The rain does cool things down a bit which is much appreciated. The temperature only hits the low 80s (with humidity in the 90s) but somehow the sun down here feels hotter. And this is coming from a girl who grew up in Tucson and just spent the past summer living on the Texas Gulf Coast.

The rainy season may not be a tourist’s delight but the locals love it, especially the plants. This is a dry tropical forest, meaning that when the dry season starts in December plants will respond by dropping their leaves to conserve water. The lush greenery that surrounds me will soon turn brown and be coated in dust. Hard to fathom right now.

My Lucky Day!

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Flotsam Colones, Santa Teresa, Costa Rica October 2019

Wow – what a great day! Not only was the weather absolutely perfect for a long beach stroll but the ocean gifted me with a bunch of colones. Up until now, I’ve mostly been finding small coins (roughly equivalent to our US penny). I’ve been using the change to buy my daily banana from the market on my way to the playa (about ten cents).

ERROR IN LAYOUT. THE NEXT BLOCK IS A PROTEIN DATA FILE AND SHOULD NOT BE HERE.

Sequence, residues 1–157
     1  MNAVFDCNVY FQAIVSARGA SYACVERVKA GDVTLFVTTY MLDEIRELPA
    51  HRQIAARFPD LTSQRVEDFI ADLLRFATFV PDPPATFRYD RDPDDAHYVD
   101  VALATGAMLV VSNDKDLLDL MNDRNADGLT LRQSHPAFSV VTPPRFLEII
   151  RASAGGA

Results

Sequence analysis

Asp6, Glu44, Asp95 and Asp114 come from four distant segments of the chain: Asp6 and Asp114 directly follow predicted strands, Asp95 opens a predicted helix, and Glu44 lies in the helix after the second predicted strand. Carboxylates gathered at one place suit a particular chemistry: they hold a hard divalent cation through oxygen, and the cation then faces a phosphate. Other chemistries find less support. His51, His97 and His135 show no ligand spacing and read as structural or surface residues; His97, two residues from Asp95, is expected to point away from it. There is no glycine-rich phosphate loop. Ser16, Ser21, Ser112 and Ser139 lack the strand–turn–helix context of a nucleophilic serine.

Today I headed north for a longer than normal jaunt, eager to explore new territory. Rounding a bend I noticed a bunch of colorful rectangles mixed in with bits of plastic debris. The odd shape warranted a closer look and I’m so very glad I did!

At the current exchange rate, 57,000 colones equals $100 USD – that’s a lot of bananas! Thanks, ocean.

On another note: Aren’t colones pretty? They are mostly made of plastic and each denomination features an iconic native animal.

 

Berry Nice

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Ornamental Banana Bloom, Santa Teresa, Costa Rica October 2019

True banana plants grow well here but this ornamental variety (Musa ornata) serves as a fast-growing privacy fence lining many yards. Plus, as you can see, they really are quite stunning. Though they do produce fruit, it is largely inedible due to the size of the seeds.

Last thought on bananas for now, did you know the fruit is actually, botanically speaking, a berry? Go ahead, look it up, I’ll wait. Oh, and once you have the weird world of berries all figured out, could you explain it to the rest of us?